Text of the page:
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Forget all of that. The brilliance of the R8 has nothing to do with a 0-60 time or a luggage space measurement. Instead, it’s the concepts of balance and luxury which define the car. We’ll start with balance. The R8 uses a variant of the high-revving, direct-injection 4.2-liter V8 from the RS4, with the addition of a dry sump. With a different engine, the R8 would have been a very different car; using the Gallardo’s V10 would have made it an undoubted supercar with perhaps too much power for urban use, while the choice of a thirty-valve V6, such as the 3.2 liter engine found in Audi’s sedans, would have made it more of a German NSX, relying on its chassis to make the speed not found under the glass engine cover. Between these two opposed bowls of porridge, the 4.2 is the “just right” choice. It’s fast enough, with the capability to run a quarter-mile under thirteen seconds, but it fails to bully the car along the way a more powerful engine surely would. There’s almost no flywheel effect – in this respect, it resembles a race car. The redline is a stunning 8,250 rpm, but the engine reaches it so naturally and sweetly that we found ourselves repeatedly shifting down for no reason other than to run around the tach. Audi’s V8, in all its variants, impresses everywhere it is found, from the stolid A6 4.2 to the outrageous Spyker C8 supercar. It would probably be exciting under the hood of a 1974 Plymouth Fury III.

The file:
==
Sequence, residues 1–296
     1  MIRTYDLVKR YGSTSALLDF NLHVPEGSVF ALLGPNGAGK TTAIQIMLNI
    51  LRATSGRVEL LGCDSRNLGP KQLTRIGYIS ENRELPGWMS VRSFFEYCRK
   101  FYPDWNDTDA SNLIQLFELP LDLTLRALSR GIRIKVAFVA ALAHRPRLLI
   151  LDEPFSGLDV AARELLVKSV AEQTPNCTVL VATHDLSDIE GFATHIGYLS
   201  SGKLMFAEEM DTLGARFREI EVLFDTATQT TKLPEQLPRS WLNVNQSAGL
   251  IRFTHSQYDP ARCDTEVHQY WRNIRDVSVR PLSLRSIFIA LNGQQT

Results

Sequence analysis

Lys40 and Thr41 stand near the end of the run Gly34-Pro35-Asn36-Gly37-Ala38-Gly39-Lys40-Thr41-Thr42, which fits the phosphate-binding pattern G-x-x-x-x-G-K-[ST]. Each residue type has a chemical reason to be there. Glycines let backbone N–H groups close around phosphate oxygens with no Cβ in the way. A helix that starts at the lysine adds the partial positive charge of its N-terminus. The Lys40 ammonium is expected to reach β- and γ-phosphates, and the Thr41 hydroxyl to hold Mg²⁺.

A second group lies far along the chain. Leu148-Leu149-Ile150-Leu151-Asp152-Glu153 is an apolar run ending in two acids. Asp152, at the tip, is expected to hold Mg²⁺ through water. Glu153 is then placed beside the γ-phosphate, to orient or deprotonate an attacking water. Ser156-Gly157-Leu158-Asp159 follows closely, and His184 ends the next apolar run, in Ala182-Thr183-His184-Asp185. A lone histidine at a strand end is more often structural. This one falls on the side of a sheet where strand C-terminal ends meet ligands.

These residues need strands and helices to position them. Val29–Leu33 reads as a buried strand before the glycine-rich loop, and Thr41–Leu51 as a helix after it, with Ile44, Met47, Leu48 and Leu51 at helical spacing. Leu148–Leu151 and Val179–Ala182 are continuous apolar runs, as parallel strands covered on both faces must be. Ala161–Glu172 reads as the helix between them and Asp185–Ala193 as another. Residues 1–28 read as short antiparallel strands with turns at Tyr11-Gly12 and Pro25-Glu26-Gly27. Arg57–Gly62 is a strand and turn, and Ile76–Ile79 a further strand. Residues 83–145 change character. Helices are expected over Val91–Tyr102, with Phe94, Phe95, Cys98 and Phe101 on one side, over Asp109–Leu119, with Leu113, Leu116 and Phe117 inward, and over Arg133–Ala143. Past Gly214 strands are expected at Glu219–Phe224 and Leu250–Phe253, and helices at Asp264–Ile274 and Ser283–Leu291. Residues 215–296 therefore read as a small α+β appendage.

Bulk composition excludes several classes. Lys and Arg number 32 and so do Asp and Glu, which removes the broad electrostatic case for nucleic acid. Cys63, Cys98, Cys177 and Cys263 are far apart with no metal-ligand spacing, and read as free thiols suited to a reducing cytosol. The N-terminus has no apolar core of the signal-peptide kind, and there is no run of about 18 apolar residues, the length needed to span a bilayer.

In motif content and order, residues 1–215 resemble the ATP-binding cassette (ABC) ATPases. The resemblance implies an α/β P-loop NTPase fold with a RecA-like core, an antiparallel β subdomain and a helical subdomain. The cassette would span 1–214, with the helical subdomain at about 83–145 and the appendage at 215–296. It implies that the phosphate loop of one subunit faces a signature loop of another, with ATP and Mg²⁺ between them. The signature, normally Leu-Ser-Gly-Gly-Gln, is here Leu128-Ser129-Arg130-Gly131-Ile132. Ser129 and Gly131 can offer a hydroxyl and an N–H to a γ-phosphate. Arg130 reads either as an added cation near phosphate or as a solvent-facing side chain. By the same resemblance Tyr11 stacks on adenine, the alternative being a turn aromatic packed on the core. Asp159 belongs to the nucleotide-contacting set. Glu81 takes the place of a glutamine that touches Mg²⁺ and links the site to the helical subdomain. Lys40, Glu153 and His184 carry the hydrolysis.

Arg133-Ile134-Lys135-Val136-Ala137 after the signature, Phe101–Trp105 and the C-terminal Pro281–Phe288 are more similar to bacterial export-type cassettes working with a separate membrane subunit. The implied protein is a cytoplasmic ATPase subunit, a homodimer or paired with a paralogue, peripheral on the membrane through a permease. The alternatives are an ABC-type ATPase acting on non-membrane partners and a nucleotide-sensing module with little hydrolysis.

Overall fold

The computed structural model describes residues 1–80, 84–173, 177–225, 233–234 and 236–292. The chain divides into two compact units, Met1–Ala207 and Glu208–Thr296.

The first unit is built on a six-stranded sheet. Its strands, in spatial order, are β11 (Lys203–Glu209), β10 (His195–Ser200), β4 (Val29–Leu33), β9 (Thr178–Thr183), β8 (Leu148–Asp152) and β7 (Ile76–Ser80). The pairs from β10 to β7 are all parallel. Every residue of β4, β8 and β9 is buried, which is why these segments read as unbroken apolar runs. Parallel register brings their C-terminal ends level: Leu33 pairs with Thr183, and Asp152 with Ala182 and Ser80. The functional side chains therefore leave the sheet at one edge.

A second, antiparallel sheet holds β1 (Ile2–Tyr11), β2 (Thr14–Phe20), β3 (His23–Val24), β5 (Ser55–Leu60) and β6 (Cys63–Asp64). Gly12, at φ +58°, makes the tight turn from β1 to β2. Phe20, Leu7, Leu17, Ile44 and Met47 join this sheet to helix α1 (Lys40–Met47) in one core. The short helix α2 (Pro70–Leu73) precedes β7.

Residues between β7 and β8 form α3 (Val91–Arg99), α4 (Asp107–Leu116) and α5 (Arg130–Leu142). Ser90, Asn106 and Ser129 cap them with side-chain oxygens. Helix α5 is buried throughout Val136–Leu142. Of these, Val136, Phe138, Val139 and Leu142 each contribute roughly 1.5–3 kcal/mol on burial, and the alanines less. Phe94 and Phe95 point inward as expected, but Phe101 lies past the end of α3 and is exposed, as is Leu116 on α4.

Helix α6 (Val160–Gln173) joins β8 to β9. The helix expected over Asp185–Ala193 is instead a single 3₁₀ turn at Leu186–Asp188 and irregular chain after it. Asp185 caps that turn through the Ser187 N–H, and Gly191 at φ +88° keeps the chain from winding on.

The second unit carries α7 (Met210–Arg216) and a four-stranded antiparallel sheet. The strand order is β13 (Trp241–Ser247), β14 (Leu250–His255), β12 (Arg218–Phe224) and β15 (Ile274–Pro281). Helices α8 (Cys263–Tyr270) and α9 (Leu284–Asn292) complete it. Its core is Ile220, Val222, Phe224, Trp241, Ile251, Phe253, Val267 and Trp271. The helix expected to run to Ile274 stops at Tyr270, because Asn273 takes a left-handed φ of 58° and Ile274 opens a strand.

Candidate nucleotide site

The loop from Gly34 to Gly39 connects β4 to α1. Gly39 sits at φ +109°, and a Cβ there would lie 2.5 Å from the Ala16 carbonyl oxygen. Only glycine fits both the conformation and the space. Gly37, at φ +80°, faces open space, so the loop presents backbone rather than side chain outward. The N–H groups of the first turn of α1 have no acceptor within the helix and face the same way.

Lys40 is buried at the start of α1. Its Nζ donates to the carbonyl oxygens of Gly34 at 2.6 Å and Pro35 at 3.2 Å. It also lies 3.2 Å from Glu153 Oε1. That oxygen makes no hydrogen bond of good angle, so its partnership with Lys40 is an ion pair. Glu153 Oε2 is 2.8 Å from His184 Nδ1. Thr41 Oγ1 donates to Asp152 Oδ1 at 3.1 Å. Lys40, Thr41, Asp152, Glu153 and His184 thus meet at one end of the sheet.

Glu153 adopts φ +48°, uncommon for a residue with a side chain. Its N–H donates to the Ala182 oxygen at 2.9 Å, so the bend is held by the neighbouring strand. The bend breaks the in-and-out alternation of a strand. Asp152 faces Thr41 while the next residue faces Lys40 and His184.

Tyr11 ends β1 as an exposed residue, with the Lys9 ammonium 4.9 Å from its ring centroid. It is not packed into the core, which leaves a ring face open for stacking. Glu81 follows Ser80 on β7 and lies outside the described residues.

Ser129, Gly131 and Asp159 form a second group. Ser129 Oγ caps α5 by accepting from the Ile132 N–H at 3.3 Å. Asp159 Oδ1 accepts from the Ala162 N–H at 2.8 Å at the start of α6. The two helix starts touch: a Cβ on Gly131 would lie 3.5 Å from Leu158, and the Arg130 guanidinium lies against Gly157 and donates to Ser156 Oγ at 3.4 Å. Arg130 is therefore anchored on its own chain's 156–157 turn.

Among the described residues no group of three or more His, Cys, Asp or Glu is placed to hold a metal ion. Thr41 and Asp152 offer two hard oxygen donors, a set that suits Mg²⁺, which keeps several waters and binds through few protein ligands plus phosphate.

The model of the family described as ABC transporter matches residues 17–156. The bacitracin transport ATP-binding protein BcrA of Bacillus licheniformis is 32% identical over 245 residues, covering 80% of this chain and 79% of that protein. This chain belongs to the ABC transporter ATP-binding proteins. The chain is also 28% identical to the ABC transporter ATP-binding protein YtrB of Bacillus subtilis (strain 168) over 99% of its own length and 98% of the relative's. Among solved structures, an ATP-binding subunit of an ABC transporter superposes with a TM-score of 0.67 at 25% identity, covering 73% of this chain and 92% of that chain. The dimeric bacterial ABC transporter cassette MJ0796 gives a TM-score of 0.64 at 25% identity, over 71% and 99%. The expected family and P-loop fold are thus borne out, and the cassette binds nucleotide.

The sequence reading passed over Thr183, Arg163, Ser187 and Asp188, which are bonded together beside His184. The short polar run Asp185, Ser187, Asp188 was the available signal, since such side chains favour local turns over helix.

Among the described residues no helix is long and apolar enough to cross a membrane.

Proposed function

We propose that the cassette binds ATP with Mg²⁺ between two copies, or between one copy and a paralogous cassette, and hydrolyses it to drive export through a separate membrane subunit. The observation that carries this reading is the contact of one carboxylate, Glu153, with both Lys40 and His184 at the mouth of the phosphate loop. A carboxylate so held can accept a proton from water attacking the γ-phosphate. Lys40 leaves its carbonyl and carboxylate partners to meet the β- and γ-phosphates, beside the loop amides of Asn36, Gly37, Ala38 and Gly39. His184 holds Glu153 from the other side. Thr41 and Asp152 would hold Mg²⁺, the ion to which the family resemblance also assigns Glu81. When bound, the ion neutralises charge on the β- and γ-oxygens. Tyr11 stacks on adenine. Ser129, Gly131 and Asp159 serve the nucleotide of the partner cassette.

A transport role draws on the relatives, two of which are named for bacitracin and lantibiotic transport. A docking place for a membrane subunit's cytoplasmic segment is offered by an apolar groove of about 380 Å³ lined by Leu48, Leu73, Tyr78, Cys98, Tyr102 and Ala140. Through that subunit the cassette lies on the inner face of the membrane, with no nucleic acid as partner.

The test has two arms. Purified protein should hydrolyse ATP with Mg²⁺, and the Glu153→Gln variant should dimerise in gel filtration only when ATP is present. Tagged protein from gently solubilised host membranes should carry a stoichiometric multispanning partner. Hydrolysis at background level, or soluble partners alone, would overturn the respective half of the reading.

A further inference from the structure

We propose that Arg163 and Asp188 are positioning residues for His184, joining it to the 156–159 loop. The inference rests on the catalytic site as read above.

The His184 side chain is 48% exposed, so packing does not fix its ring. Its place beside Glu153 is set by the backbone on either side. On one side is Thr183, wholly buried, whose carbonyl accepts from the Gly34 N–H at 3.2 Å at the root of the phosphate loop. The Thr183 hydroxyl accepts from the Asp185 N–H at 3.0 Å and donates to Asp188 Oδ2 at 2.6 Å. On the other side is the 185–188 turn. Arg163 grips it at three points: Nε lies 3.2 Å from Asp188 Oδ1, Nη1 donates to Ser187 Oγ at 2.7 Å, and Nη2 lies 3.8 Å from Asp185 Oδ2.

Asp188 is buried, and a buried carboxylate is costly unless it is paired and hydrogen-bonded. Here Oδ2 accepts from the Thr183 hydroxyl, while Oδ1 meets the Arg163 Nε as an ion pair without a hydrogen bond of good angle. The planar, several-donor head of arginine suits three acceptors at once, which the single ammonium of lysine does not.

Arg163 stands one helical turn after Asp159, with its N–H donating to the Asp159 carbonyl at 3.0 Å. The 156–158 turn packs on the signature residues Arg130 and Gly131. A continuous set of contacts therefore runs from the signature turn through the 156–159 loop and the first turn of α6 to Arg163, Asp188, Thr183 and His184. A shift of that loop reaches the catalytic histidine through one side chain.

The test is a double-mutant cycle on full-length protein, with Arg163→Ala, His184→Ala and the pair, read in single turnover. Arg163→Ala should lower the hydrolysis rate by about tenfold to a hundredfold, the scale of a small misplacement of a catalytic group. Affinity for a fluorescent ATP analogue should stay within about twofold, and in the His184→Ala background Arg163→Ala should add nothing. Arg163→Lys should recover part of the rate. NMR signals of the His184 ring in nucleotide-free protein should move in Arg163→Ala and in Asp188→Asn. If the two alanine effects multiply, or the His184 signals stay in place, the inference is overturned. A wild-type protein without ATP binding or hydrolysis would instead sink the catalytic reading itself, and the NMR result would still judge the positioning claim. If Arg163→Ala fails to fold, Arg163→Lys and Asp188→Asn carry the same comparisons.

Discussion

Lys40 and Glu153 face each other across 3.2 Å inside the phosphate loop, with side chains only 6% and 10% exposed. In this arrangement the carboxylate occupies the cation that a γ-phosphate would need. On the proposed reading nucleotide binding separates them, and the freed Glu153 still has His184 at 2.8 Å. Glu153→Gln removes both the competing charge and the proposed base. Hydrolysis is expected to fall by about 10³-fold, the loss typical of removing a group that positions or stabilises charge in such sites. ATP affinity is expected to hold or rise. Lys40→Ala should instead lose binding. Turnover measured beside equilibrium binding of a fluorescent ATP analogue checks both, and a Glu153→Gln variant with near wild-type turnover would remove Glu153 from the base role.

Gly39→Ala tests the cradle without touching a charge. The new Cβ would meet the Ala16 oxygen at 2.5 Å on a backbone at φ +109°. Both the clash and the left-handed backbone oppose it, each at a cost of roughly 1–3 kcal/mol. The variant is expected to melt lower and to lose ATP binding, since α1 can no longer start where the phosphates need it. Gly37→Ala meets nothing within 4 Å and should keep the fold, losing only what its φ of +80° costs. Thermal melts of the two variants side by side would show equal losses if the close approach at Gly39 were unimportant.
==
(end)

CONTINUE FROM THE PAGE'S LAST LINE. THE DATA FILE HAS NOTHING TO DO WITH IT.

The R8, of course, is no Plymouth Fury. It has a natural balance – there’s that word again – that reminds us of nothing so much as the Porsche Boxster S. Your humble author has many trackday miles behind the wheel of his 986S, and around Infineon Raceway we discovered that all of the traditional Boxster track tricks work very well with the R8, particularly the “mule kick throttle”. What’s the mule kick throttle, you ask? Simple – put the car on the sidewalls of the tires in the middle of the corner, as close to the absolute cornering limit as possible, then repeatedly pulse the throttle (like a kicking, well, mule) to cause the car to turn in sharply. This technique leads to utter disaster unless the car has the balance of a pre-ankle-injury Kerri Strug – but the R8 simply sniffs the road a bit, waving its nose from side to side, and then takes a sharper exit line. Remember, kids, in a fully loaded car cornering at or around the limits of the tires, the throttle steers the car, and the steering wheel slows it down. Do we need to tell you not to try this at home? As with the Porsche, the R8 shows a mild push at corner entry but balances very well in the mid-corner with throttle application. The steering is lighter than one might prefer, but it communicates everything which needs to be said about the grain of the road and the grip of the tires. The stability control is reluctant to intervene, and when it does, there is none of the “hand of God” feeling one gets with Porsche’s PSM. Instead of a sharp correction, there is a mild adjustment, with very little loss of forward momentum. It’s easy to go fast in this car – perhaps too easy, as demonstrated by the journalist who put his throttle foot to the firewall, wrong-lined Infineon’s Turn One, and ended up putting a bit of dirt inside the car before it came to rest, a few inches from the guardrail. Audi’s stability control program cannot rewrite the laws of physics; it can only blur the line between talent and traction.